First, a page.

NOTE: An update on this piece can be found at its conclusion.
I’m hardly the first to go on this rant, but there appears to be no rhyme nor reason to fiction genre classifications. Things were so much more straightforward when I was writing my travel memoir. It fell under “biographies and memoirs,” and the subgenre “travel memoir.” Done! Now I’m writing a novel that, as best as I can deduce, is a work of “urban fantasy.” But please take a moment to see how confused genre labels are just in the realm of science fiction and fantasy (certainly other “commercial” genres suffer equal confusion).
First of all, the division between science fiction and fantasy isn’t as clear-cut as some claim. Many experts argue science fiction is when the author applies scientific explanations to the unusual, while fantasy authors allow the magic to go unexplained. Um, so how come Robert Heinlein’s Stranger in a Strange Land and Ray Bradbury’s The Martian Chronicles are both classified as “Sci-Fi” in library codes and “Science Fiction & Fantasy/Science Fiction” on Amazon? Both are classics, and both involve the phenomenon of humans living on Mars with no explanation as to how they can breathe. Heinlein even throws angels into the mix. Shouldn’t these science-fiction classics be redefined as fantasy?
That begs the question of what qualifies as fantasy. Well, J.K. Rowling’s Harry Potter series is classified as “Science Fiction & Fantasy/Fantasy,” according to Amazon (although one listing for Harry Potter and the Sorcerer’s Stone insisted it falls under “Children’s Books/Growing Up & Facts of Life,” as if a magical stone that allows you to live forever is a fact of life). Yet the library listing of that same book is “Fic,” as in straight fiction with no genre.
It’s worth noting that Amazon gives another subgenre for Harry Potter after the fantasy subhead, namely “Paranormal and Urban.” I’ve learned in my research that a fantasy novel set in the present day and involving a connection to our world is “urban” fantasy. A great urban fantasy author is Neil Gaiman; it’s safe to say that his books are influencing my current work-in-progress more than any other. His classic Neverwhere also falls under the same “Science Fiction & Fantasy/Fantasy/Paranormal and Urban” Amazon categorization, but it is also under the “Literature and Fiction” category and, like Rowling’s works, is simply “Fic” at the public library.
On some level I shouldn’t care. If I write a novel worth reading, it will find an audience, right? Well, in our commercial publishing world, I’ll need to tell an agent the correct genre, and he or she will need to tell the publisher, and the publisher will need to tell the book distributors, and the book distributors will need to tell the bookstores. Wow, I’m exhausted just writing that sentence.
My WIP is set in the present, but much of the action takes place in another world subject to its own laws. I do my best to explain the science behind the phenomenon, but I can’t claim it to be true science fiction. And like in the Harry Potter books or many of Gaiman’s novels, very few people in the “real world” know anything about this magical other place and its connection to our own world. So by that definition I know I’m writing an “urban fantasy” novel. But I tend to resist categorization, and it seems other authors do as well.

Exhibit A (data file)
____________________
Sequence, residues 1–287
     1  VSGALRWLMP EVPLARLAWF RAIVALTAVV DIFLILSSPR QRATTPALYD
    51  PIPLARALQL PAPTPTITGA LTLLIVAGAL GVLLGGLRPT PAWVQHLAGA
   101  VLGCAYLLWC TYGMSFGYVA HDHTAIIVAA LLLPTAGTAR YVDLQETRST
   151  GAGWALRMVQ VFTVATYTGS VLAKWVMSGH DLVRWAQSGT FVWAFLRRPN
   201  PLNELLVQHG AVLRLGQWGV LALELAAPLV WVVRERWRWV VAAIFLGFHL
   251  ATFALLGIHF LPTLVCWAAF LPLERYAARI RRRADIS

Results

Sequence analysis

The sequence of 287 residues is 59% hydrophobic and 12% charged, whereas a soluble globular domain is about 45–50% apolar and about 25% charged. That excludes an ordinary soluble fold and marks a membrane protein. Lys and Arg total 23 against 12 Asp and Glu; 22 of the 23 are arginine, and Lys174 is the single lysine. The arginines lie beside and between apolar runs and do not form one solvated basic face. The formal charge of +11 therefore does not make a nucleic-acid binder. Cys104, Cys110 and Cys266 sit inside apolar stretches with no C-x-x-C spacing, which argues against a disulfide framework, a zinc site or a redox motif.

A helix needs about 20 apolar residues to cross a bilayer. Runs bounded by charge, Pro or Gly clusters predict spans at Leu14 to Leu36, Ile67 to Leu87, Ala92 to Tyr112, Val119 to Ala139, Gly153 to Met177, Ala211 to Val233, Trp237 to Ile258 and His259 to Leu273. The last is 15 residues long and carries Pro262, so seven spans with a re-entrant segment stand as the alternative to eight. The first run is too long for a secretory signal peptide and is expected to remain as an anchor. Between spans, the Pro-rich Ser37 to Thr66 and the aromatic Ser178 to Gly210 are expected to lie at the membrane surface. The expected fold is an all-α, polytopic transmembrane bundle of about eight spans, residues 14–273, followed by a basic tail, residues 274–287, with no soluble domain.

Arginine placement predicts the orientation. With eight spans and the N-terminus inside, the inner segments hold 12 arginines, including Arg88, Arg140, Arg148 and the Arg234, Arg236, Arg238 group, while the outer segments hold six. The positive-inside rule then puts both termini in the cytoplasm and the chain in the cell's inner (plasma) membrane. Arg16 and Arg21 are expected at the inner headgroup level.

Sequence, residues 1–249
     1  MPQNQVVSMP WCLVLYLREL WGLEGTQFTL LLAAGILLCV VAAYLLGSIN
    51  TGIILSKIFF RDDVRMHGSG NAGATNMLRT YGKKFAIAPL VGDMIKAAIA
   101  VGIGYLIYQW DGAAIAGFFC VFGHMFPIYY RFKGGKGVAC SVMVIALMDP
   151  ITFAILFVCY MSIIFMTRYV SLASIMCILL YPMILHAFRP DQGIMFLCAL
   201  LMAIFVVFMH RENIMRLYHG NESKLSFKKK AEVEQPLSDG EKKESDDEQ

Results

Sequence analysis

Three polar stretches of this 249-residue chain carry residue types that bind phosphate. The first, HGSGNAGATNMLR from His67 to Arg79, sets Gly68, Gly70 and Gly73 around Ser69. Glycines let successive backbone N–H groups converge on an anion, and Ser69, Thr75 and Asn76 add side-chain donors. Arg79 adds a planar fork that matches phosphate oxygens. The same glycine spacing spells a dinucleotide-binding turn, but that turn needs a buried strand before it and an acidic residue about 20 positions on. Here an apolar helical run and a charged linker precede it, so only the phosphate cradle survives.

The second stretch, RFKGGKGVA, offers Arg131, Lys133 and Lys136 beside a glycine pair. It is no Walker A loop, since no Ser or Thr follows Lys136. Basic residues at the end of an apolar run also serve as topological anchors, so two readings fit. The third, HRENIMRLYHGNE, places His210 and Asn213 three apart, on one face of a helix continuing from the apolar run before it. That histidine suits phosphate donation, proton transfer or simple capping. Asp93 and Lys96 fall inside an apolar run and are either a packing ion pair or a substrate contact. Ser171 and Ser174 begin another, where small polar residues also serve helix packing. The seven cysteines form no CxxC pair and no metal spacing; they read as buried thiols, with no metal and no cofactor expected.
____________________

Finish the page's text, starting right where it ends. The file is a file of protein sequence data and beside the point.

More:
A blogger I admire, Annie Neugebauer, has tackled the thorny topic of genre numerous times, including examining “speculative fiction” (of which my WIP is one) and “commercial fiction” (a category I will also fall under, unlike my previous work, which was literary). There are many other experts out there, including authors of countless Writer’s Digest how-to books. That said, however, given the lack of a governing authority over all published works (as we see in “dystopian fiction,”), no one can convince me that any of these genre distinctions are cut and dried.
What is your take? Do genre definitions matter? Do you see a blurring of lines in your own fiction tastes?
UPDATE SEPTEMBER 7, 2018: I’ve just learned the indefatigable novelist and writing coach Roz Morris wrote a great piece on genre confusion for Anne R. Allen’s Blog… With Ruth Morris (a great blog, by the way) titled “What Genre is Your Novel? And is it YA, MG, New Adult or Adult?” In this insightful post, I learned that a more accurate description of my WIP might be “transrealism,” which is being posited by another accomplished writer and analyst of the science fiction and fantasy genres, Damien Walter. As Damien writes in a recent blog post:
Transrealism argues for an approach to writing novels routed first and foremost in reality. It rejects artificial constructs like plot and archetypal characters, in favour of real events and people, drawn directly from the author’s experience. But through this realist tapestry, the author threads a singular, impossibly fantastic idea, often one drawn from the playbook of science fiction, fantasy and horror. So the transrealist author who creates a detailed and realistic depiction of American high-school life will then shatter it open with the discovery of an alien flying saucer that confers super-powers on an otherwise ordinary young man.
That’s my novel to a T. It is set in our real world, with real people. Yet there’s a twist. I’d love to see this label take off. It provides clarity for an interesting subsection of fiction. Of course, it also adds to the long list of genres, but life is never perfect.